Thank you to all of the agencies, organizations and individuals that helped make this report happen. We would like to give a special thank you to the following groups and individuals. Web Report Development and Design Jacob Juszak and Don Brown – U.S. Geological Survey Fort Collins Science Center Steven Aulenbach and Sky Bristol - U.S. Geological Survey Core Science Analytics, Synthesis, and Libraries Assessment Contributors Alison Collins - Ocean Associates, Inc. in support of NOAA Fisheries (currently with the Metropolitan Water District of Southern California) Arthur Cooper – Michigan State University Correigh Greene - NOAA Fisheries Northwest Fisheries Science Center Daniel R. Obenour – North Carolina State...
Tags: 2015, Overview
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Map of the risk of current fish habitat degradation of inland streams of the Central Midwest States.
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A. Pervasive disturbances: The most common disturbances based on total stream length in a given region. Top five overall most pervasive disturbances to all stream reaches, regardless of stream size and across all spatial scales (ranked highest first): Crop land use Low intensity urban land use Impervious surface cover Road crossing density Agricultural water withdrawal Top five most pervasive disturbances to , specific to spatial scale: Crop land use in network catchments Crop land use in network buffers Low intensity urban land use in network catchments Crop land use in local buffers Impervious surface cover in network catchments In the Northern Plains state group, 36.6% of streams are classified as low...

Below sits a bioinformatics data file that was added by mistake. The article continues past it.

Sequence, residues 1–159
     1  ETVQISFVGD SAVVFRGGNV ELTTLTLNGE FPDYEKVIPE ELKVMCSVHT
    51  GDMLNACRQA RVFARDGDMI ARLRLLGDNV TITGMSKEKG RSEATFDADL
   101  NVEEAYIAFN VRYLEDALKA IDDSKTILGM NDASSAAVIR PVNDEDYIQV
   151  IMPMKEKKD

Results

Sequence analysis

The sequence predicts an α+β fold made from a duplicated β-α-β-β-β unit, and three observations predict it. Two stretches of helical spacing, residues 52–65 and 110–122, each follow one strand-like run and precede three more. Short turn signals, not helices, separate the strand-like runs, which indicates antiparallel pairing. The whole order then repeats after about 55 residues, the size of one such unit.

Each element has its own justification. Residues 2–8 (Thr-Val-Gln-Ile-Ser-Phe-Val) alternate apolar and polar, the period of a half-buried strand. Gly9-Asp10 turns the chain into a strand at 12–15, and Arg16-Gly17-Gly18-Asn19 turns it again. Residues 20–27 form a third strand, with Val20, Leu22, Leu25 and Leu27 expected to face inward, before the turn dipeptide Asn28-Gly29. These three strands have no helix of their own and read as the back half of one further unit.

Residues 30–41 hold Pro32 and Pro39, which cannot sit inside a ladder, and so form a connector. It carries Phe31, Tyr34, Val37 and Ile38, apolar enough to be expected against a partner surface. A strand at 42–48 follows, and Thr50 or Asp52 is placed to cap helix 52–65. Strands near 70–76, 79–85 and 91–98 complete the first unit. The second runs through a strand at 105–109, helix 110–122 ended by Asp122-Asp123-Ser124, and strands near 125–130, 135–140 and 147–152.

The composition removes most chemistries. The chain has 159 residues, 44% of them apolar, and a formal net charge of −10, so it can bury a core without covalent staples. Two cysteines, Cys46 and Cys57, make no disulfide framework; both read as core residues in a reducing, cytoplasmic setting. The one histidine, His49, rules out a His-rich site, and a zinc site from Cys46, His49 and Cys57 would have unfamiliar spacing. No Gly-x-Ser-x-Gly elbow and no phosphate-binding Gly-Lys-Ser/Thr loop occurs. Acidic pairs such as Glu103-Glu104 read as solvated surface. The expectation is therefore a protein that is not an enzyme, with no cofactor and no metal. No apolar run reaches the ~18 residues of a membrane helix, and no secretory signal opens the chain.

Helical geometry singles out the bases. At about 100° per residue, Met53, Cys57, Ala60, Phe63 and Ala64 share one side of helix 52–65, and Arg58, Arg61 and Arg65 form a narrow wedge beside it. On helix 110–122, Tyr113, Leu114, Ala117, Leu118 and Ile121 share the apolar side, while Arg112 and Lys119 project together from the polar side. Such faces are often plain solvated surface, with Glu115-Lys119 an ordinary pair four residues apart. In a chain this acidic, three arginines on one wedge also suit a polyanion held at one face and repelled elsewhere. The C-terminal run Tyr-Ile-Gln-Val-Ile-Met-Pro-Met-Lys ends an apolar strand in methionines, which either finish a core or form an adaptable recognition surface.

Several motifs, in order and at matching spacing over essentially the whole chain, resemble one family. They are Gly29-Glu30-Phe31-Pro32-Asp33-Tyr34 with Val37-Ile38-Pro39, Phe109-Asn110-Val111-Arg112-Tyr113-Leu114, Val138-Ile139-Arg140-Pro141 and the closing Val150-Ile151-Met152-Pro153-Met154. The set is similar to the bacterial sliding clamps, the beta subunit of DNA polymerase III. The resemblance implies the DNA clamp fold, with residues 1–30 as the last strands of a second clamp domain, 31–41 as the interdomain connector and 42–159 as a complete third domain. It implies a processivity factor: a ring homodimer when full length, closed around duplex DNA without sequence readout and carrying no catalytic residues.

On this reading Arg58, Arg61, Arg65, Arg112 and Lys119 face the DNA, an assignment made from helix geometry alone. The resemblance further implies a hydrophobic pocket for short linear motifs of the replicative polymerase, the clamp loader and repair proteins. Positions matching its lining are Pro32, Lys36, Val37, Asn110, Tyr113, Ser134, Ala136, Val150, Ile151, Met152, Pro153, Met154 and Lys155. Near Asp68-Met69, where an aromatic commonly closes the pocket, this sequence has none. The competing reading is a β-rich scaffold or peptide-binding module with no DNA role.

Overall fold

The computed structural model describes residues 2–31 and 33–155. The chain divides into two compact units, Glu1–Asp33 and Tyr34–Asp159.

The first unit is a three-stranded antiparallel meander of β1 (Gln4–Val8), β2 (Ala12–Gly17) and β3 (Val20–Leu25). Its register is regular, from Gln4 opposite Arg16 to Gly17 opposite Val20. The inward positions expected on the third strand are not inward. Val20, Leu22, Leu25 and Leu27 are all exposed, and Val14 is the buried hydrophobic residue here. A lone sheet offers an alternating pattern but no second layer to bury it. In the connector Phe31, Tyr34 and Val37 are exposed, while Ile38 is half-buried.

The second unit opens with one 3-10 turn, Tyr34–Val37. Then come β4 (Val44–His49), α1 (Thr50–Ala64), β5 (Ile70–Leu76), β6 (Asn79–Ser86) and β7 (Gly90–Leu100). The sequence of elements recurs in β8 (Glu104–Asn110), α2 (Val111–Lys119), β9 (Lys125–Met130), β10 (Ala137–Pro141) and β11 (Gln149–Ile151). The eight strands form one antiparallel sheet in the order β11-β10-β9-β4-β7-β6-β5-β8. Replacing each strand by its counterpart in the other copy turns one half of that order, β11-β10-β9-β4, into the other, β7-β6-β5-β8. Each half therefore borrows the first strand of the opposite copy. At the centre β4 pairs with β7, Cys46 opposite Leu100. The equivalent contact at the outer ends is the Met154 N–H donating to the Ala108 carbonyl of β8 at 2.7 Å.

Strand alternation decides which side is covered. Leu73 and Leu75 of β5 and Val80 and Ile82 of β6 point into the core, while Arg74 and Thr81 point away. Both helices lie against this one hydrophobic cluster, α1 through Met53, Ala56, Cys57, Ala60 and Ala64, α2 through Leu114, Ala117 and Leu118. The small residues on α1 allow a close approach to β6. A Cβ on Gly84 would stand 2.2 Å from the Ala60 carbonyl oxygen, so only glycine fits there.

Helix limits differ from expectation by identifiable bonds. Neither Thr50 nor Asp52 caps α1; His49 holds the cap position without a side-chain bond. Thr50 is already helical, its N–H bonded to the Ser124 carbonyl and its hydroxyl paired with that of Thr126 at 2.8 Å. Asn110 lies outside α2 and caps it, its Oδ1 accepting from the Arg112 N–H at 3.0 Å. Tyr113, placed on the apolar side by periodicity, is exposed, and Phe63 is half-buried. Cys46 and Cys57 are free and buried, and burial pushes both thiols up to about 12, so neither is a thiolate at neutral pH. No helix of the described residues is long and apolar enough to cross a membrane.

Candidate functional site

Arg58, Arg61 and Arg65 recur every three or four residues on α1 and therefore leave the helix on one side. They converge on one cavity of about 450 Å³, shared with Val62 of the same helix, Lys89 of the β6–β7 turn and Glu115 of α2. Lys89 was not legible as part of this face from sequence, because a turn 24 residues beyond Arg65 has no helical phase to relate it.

map background search result map search result map Central Midwest States - Risk of Current Fish Habitat Degradation Map Mid-Atlantic States - Risk of Current Fish Habitat Degradation Map Summary of Scientific Findings for Southwestern States Most Pervasive and Severe Disturbances for the Northern Plains States Summary of Scientific Findings for Upper Midwest States Central Mississippi River States - Risk of Current Fish Habitat Degradation Map Most Pervasive and Severe Disturbances for the Central Midwest States Hawaii - Risk of Current Fish Habitat Degradation Map Generalized Methodology for Stream Assessments of Alaska and Hawaii Most Pervasive and Severe Disturbances for the Eastern Gulf of Mexico States Summary of Scientific Findings for Mountain States Summary of Scientific Findings for Southeast Atlantic States Mid-Atlantic States - Risk of Current Fish Habitat Degradation Map Summary of Scientific Findings for Southeast Atlantic States Most Pervasive and Severe Disturbances for the Northern Plains States Central Midwest States - Risk of Current Fish Habitat Degradation Map Central Mississippi River States - Risk of Current Fish Habitat Degradation Map Summary of Scientific Findings for Upper Midwest States Most Pervasive and Severe Disturbances for the Eastern Gulf of Mexico States Summary of Scientific Findings for Southwestern States Summary of Scientific Findings for Mountain States Hawaii - Risk of Current Fish Habitat Degradation Map Generalized Methodology for Stream Assessments of Alaska and Hawaii